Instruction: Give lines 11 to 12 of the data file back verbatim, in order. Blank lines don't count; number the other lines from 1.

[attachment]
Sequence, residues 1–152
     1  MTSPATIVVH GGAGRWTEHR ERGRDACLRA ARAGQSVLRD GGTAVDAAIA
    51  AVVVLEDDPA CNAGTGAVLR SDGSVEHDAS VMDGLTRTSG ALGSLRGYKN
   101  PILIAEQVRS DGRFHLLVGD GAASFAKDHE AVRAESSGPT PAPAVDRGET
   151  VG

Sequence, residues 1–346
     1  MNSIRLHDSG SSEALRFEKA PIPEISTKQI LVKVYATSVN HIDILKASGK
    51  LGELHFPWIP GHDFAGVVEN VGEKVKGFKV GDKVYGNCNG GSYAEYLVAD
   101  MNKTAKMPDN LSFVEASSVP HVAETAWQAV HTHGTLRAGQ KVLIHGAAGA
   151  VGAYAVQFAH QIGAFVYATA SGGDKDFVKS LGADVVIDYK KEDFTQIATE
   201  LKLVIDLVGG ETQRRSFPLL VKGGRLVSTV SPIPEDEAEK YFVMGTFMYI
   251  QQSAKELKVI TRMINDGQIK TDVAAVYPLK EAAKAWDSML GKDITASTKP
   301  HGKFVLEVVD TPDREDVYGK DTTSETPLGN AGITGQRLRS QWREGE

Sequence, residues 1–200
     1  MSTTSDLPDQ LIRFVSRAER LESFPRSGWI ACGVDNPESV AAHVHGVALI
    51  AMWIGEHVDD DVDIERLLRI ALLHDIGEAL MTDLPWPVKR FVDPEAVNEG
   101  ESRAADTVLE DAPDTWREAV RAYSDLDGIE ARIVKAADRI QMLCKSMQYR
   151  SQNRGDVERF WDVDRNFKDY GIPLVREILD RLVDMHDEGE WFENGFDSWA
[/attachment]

   201  LKLVIDLVGG ETQRRSFPLL VKGGRLVSTV SPIPEDEAEK YFVMGTFMYI
   251  QQSAKELKVI TRMINDGQIK TDVAAVYPLK EAAKAWDSML GKDITASTKP